Culture » October 15, 2013
Experts Needed; Knowledge Optional
How the Beltway media embraced a fake Syria expert.
Washington fraudulence is stoked by a demand for expertise that reshapes itself briskly in the service of certain blunt policy directives. Elizabeth O’Bagy was an expert because the D.C. pundit ecosystem needed her to be one.
Amid the backward reeling of Washington's bid to launch yet another Middle Eastern invasion, there was one unexpected collateral casualty: the fanciful résumé of Elizabeth O’Bagy. By appearances, O’Bagy had all but been sent over from central casting to tout a war with Syria. And indeed, this proved to be the case. A protégée of neocon warmonger Kimberly Kagan, who directs the D.C.-based Institute for the Study of War (ISW), O’Bagy was hired as a senior policy analyst there in 2012 at the tender age of 25. Within the year she was bearing a comforting gospel truth to Washington’s crusading class: The resistance in Syria was really made up of pro-democracy reformers, not hardline Muslim militants.
But O’Bagy had trespassed against D.C. power in an unforgivable way: She’d lied about her credentials—claiming to hold a Ph.D. from a Georgetown government program that she’d never enrolled in. So, in September, Kagan announced her dismissal.
Still, the story in Washington is never really about what credentials people claim; rather, it’s what gets done with the baubles of legitimacy one puts before the great policy and punditry bazaar. Washington fraudulence is stoked by a demand for expertise that reshapes itself briskly in the service of certain blunt policy directives. Elizabeth O’Bagy was an expert because the D.C. pundit ecosystem needed her to be one.
Consider in this regard the jaw-droppingly flagrant record of the ISW itself. Both Kagan and her bellicose think tank rose to prominence amid the dismal 2009 debate over committing more troops to the American occupation in Afghanistan. She and her husband, Fred Kagan—a resident scholar at the American Enterprise Insitute—inserted themselves into the surge debate and procured a tour of Afghan central command headquarters at the behest of its then-leader, Gen. Stanley McChrystal, by the effective D.C. expedient of threatening to broadcast the weaknesses of the strategy across the nation’s op-ed pages. Knowing a shakedown when he saw one, McChrystal granted the couple a fortnight’s stay—at which point, they graciously reciprocated with a Wall Street Journal op-ed announcing that, what do you know, the surge was going just fine after all.
No such hardball tactics were required, however, when David Petraeus—an old crony of the Kagans—took over the Afghan command from McChrystal in 2010. The neocon power couple swept in and set up shop in Petraeus’ Kabul power sanctum for more than a year, forgoing stateside job duties (if not their think-tank salaries) for frontrow seats at the surge. Like all such baldly transactional D.C. based relationships, the Kagan-Petraeus alliance was drowning in baksheesh: The think tankers were granted access to the highest-level decisions made in the Afghan battlefronts—knowledge that was of special interest to the funders of the ISW, who include defense contractors such as General Dynamics, Dyncorp International and CACI International. Petraeus, meanwhile, got a pair of live-in war-boosters who could be reliably counted on to take to the nation’s op-ed pages with yet more breathless propaganda when they returned stateside.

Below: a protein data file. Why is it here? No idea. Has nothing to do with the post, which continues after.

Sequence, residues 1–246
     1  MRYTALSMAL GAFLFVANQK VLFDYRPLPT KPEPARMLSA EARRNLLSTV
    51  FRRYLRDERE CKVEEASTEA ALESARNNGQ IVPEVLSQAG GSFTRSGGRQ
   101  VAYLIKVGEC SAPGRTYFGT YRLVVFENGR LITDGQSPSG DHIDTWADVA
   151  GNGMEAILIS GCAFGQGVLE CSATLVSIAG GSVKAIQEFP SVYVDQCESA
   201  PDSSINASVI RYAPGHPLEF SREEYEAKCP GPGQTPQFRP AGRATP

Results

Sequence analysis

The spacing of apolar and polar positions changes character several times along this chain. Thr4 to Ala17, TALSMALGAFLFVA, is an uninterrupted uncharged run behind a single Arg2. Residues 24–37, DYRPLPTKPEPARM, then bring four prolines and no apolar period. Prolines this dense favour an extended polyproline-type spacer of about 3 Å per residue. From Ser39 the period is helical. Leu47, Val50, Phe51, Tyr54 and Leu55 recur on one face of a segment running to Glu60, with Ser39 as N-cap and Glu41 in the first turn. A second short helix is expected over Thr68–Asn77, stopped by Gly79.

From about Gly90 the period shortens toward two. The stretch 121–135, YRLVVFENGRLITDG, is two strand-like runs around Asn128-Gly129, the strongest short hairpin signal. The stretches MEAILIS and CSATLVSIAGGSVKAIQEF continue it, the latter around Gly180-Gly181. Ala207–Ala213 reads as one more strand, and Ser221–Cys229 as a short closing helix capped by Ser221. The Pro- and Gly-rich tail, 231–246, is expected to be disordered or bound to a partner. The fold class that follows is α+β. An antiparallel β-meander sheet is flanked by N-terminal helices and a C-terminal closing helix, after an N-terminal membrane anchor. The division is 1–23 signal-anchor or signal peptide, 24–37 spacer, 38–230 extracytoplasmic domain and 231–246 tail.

Likewise, when Petraeus returned stateside to run the CIA, no one blanched at the thought of him stopping by to claim an award at a fundraiser made up of five-figure donors to the ISW. “What the Kagans do is they grade my work on a daily basis,” Petraeus announced to the chortling gala crowd. “There’s some suspicion that there’s a hand up my back, and it makes my lips talk, and it’s operated by one of the Doctors Kagan.”
The Kagans, unlike Kim’s ISW protégée, are indeed doctors. But here’s the thing: Their Ph.D.s have nothing to do with modern military strategy; Fred wrote his on 19th-century Russian military policy, and Kim was certified as a scholar of ancient Greek and Roman military history. Nonetheless, Petraeus neatly summed up the real utility of these humanities hawks: The ISW, he said, “is now a deployable organization. We’re going to start issuing them combat stripes.”
Note to Elizabeth O’Bagy: That’s how you nail down a D.C. credential. Though there appears to be hope for our young striver yet: She’s recently been hired on to the staff of invasion-happy GOP Sen. John McCain.
Chris Lehmann, a contributing editor of In These Times, is an editor of Book Forum and the Baffler and the author of Rich People Things (Haymarket, 2011). He is now working on a book about American religion and the money culture.
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